Alberta expands coronavirus testing to travellers from 6 more places

Alberta expands coronavirus testing to travellers from 6 more places

Alberta Health Services is expanding the coronavirus testing of travellers to include six more places in addition to mainland China amid fears of a global pandemic.

Dr. Deena Hinshaw, Alberta's chief medical officer of health, said at a press conference on Wednesday that people coming from Hong Kong, Singapore, Iran, Korea, Japan and Italy will also be tested for COVID-19.

"We ask any travellers returning from these areas in addition to those returning from mainland China to monitor their symptoms for 14 days after returning."

Hinshaw adds recent travellers should self-monitor for symptoms — like a fever or cough — but do not need to self isolate unless returning from China's Hubei province.

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"We do not know what direction the outbreak will take next but we do know that we need to be prepared for a scenario where COVID-19 continues to spread in countries around the world," she said.

As well, everyone should practise good infection prevention habits, such as washing hands and covering up coughs in order to reduce chances of it spreading, she said.

However, Hinshaw adds the risk of contracting COVID-19 in Alberta still remains low, so there is no need to stay home or avoid public places.

Number of cases growing globally

The World Health Organization's director-general, Dr. Tedros Adhanom Ghebreyesus, said Thursday that countries with their first confirmed cases of novel coronavirus should "move swiftly" to contain the virus — noting that the concern over cases outside of China is growing as the number of people infected mounts.

Within the past 24 hours, seven countries — Brazil, Georgia, Greece, Macedonia, Norway, Pakistan and Romania — have reported cases for the first time, he told reporters at a daily briefing. 

For the past two days, Tedros said, the number of new cases reported in the rest of the world has exceeded the number of new cases reported in China.

"This virus does not respect borders," he said. "The point is not only to prevent cases arriving on your shores — the point is what you do when you have cases."

The outbreak — which WHO has declared a global health emergency — has "pandemic potential," Tedros said, noting that WHO is working with countries around the world to prepare.

He reiterated his message that fear is not the answer, and called for calm as countries prepare.

Tedros noted that several countries — including Belgium, Cambodia, India, Nepal, the Philippines, Russia, Sri Lanka and Vietnam — have gone two weeks without reporting a new case. He said this signalled that "aggressive, early measures can prevent transmission before the coronavirus gets a foothold."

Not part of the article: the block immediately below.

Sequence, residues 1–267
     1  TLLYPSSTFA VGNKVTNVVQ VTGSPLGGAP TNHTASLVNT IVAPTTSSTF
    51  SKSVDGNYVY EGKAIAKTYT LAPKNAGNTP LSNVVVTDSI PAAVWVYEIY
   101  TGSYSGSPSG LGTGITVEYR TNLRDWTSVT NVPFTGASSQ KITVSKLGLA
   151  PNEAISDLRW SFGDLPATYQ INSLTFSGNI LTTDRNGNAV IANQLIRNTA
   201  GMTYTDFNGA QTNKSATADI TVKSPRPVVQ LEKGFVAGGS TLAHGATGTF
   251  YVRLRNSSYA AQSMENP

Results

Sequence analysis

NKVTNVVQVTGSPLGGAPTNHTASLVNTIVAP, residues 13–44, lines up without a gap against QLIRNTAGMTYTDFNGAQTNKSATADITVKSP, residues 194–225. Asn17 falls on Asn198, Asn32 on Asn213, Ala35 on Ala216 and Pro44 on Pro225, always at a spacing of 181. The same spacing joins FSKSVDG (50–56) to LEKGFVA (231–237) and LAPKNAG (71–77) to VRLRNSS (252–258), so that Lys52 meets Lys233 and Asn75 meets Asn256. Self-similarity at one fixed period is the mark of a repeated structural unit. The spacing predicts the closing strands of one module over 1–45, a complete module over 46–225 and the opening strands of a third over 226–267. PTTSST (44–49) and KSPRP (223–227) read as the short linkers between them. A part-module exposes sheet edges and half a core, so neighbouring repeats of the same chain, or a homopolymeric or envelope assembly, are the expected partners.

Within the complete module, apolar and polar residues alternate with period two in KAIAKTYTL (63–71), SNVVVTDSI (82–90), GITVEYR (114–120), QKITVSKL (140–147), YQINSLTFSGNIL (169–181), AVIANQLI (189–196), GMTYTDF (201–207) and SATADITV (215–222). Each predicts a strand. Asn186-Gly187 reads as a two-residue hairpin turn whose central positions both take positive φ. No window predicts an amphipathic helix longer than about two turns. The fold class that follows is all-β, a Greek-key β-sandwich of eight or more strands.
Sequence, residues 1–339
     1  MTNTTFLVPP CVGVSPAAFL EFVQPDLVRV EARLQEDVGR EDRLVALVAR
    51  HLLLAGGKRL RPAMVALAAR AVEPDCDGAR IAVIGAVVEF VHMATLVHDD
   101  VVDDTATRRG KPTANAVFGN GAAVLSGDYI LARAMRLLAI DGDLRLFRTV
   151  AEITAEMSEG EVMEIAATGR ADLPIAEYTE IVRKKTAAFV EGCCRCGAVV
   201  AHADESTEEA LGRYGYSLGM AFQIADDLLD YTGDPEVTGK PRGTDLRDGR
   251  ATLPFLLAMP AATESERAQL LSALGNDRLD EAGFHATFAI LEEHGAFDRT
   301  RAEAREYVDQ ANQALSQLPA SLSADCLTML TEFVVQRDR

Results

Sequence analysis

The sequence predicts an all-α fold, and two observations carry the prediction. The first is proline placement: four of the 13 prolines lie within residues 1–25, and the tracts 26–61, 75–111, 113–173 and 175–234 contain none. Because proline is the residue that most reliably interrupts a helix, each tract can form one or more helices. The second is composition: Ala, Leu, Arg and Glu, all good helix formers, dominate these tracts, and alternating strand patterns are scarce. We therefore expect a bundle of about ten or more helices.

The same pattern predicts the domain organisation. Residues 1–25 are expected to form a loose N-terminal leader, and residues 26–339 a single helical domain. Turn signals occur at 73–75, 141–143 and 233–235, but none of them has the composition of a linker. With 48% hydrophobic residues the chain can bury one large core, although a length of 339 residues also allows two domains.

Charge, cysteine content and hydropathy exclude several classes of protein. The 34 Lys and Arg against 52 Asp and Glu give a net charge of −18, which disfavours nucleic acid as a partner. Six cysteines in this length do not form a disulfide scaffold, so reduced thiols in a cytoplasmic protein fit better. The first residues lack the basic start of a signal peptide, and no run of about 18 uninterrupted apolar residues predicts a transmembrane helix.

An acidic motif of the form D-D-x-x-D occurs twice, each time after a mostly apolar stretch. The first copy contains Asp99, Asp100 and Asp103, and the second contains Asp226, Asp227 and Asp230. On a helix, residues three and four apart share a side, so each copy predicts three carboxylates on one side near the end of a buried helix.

On Thursday, China had reported 78,630 cases to WHO, with 2,747 deaths, Tedros said. Outside of China, there were 3,474 cases in 44 countries, with 54 deaths.

In Canada, Ontario reported a sixth case of COVID-19 on Thursday, bringing the total in Canada to 13. The remaining seven cases are in British Columbia.

Thursday's case announcement comes a day after Canadian health officials said they are working on containment but are also preparing for the possibility of more cases.

Calgary's Chinatown business down

Businesses in Chinatowns across Canada have reported a drop in activity since COVID-19 hit China.

The Ho Wan Restaurant in Calgary has had a similar experience, with sales being reduced by more than half.

Most of Calgary's city councillors had lunch at a restaurant in Chinatown this week to try to help reduce fears about the new coronavirus.

Coun. Druh Farrell of Ward 7, which includes Chinatown, said council members went to the restaurant for lunch to show Calgarians it's safe to eat out.

"Chinatown is filled with family-owned restaurants and we need to support them or lose them," she said. "It is a treasured community."

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At Ho Wan Restaurant, the owners' son, Jason Zhang, says business is down about 70 per cent.

"People are not coming out very much," he said in an interview. "It was the slowest Family Day I've seen."

"It's hard to predict when people come out … but, in general, especially during the regular times, it's just a percentage shock."

Mayor Naheed Nenshi says council has seen some myths and some uncertainties in relation to the coronavirus and wants to remind Calgarians that Alberta's public health system and Calgary Emergency Management System are strong if an outbreak should occur.

"Ultimately, it is very safe here in the city of Calgary. The chances of contracting anything are very, very, very low," he said. 

"We really encourage people to get out to support local businesses throughout the city, particularly at this time, to support our local Chinese-owned businesses."